Former president of Teamsters Jimmy Hoffa vanished in 1975 and was never seen again. He was convicted of jury tampering, attempted bribery, and fraud in 1964, imprisoned in 1967, and released in 1971. Upon his release U.S. president Richard Nixon had blocked Hoffa’s chances of any union activity until 1980. Hoffa was working to overturn this decision when he disappeared. On the day of his disappearance, July 30 1975, Hoffa was meeting with two Mafia leaders in a parking lot of the Machus Red Fox Restaurant in Michigan. Anthony Giacolone and Anthony Provenzano were the Mafia men he met. Provenzano was also a union leader with the Teamsters in New Jersey, who had earlier been quite close to Hoffa. The FBI’s search was inconclusive and Hoffa was declared legally dead in 1982.
7. The Case of the Mutilated Cattle
Over a period in the late 1970s an investigation was carried out in various states of the USA where mysterious animal mutilations had occurred. News soon began to spread that UFOs were responsible for the cattle carcasses left across the states. Other theories were also put forward such as satanic cults, pranksters, natural predators, and even unknown government agencies. One thing remains certain: the case of the mutilated cattle was never solved and remains a mystery to this day.
8. The Unabomber
Theodore Kaczynski, otherwise known as The Unabomber, was born a child prodigy who excelled academically. He gained a degree from Harvard University and a PhD in mathematics from the University of Michigan. In 1971 he moved to a remote cabin without any electricity or water. He became angrier as the wilderness around him was slowly destroyed for development and decided to begin his bombing campaign. His first target in 1978 was the University of Illinois, followed a year later at the same building. In all The Unabomber set 16 bombs, killing three people and injuring 23. His identity remained a mystery to the FBI for 17 years before finally his brother David noticed the similarity in handwriting between that of his brother and The Unabomber.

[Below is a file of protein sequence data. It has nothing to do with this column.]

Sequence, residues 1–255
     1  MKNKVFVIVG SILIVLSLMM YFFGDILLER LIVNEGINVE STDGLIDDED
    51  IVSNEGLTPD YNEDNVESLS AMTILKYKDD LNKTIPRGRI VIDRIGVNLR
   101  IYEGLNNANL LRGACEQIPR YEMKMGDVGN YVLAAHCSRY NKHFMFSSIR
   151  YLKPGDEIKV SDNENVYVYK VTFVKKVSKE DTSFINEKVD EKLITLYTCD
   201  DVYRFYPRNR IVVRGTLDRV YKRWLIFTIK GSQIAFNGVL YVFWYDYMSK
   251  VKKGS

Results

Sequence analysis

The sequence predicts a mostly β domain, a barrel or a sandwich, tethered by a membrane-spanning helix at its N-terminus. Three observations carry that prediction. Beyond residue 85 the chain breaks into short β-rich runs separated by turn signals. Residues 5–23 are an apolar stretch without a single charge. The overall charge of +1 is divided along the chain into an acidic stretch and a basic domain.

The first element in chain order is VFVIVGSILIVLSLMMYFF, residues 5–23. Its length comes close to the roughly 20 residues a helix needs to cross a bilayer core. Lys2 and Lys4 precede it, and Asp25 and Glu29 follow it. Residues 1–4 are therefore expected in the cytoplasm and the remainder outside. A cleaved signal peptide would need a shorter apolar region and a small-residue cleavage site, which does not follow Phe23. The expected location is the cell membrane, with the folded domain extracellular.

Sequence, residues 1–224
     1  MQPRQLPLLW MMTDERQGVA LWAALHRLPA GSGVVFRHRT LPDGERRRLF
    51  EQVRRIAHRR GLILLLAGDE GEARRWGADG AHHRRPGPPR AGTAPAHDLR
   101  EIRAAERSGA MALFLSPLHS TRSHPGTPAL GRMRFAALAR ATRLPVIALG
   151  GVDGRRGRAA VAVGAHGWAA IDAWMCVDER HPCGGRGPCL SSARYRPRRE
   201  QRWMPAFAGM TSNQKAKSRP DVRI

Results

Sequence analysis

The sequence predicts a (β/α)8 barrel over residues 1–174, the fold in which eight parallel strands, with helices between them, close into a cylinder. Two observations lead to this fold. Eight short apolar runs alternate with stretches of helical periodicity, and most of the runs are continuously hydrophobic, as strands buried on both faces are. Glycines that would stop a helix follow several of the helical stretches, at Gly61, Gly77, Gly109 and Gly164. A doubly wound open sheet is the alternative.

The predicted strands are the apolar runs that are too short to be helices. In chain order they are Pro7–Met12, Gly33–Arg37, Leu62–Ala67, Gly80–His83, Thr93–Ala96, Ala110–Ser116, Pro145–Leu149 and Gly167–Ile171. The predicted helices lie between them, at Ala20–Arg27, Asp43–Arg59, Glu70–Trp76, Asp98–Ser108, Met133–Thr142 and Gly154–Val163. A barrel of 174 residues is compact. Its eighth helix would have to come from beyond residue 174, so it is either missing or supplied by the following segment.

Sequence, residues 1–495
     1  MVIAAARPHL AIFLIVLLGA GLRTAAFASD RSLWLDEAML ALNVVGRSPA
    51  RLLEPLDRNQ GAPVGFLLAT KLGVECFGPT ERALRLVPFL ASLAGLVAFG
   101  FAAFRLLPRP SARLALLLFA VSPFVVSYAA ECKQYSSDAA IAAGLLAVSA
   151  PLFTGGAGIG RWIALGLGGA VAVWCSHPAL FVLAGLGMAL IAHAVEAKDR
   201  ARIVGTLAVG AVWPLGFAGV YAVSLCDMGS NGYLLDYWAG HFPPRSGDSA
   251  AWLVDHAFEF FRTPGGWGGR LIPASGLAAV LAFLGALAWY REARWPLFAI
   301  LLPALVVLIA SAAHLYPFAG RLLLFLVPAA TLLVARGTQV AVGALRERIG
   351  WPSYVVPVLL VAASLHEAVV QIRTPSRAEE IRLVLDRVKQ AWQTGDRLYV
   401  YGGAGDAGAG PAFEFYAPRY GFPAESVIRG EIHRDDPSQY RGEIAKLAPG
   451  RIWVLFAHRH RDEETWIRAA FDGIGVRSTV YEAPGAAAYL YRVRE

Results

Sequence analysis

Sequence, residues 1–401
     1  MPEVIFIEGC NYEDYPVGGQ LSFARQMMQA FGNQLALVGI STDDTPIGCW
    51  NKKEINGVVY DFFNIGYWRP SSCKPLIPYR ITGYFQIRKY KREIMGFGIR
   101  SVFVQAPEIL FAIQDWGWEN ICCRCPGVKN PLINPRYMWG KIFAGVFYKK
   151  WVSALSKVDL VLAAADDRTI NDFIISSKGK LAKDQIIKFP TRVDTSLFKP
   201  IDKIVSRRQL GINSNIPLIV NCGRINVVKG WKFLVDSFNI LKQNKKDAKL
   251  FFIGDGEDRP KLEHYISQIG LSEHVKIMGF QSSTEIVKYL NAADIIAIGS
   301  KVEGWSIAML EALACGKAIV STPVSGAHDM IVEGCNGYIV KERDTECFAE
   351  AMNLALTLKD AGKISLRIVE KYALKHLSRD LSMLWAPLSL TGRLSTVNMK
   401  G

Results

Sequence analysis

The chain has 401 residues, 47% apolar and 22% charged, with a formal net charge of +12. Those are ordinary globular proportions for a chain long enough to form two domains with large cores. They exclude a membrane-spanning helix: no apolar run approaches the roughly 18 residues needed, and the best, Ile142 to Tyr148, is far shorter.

9. The Black Dahlia
One of the FBI’s most mysterious cases also happens to be one of its grisliest. Elizabeth Short, nicknamed the Black Dahlia by the press, was brutally murdered in 1947. Her body was found severed at the waist in a vacant lot in the Leimert Park area of Los Angeles. Short was just 22 when she disappeared on January 9; her remains were discovered six days later. Her death has always remained a mystery and the killer was never found. Her story has been recreated many times in books and films.
10. The Whereabouts of Osama bin Laden
The man responsible for the 9/11 attack on America has remained at large since the atrocity in 2001. Although he was quick to reveal himself not long after the terrorist attack, he has so far evaded capture. He tops the FBI’s most wanted list and has done so for nearly a decade now. The founder of al-Qaeda has often sent video footage inciting that more acts of terrorism will follow. Although rumors have circulated that bin Laden could have since died, the FBI believe he could be hiding on the border of Afghanistan and Pakistan.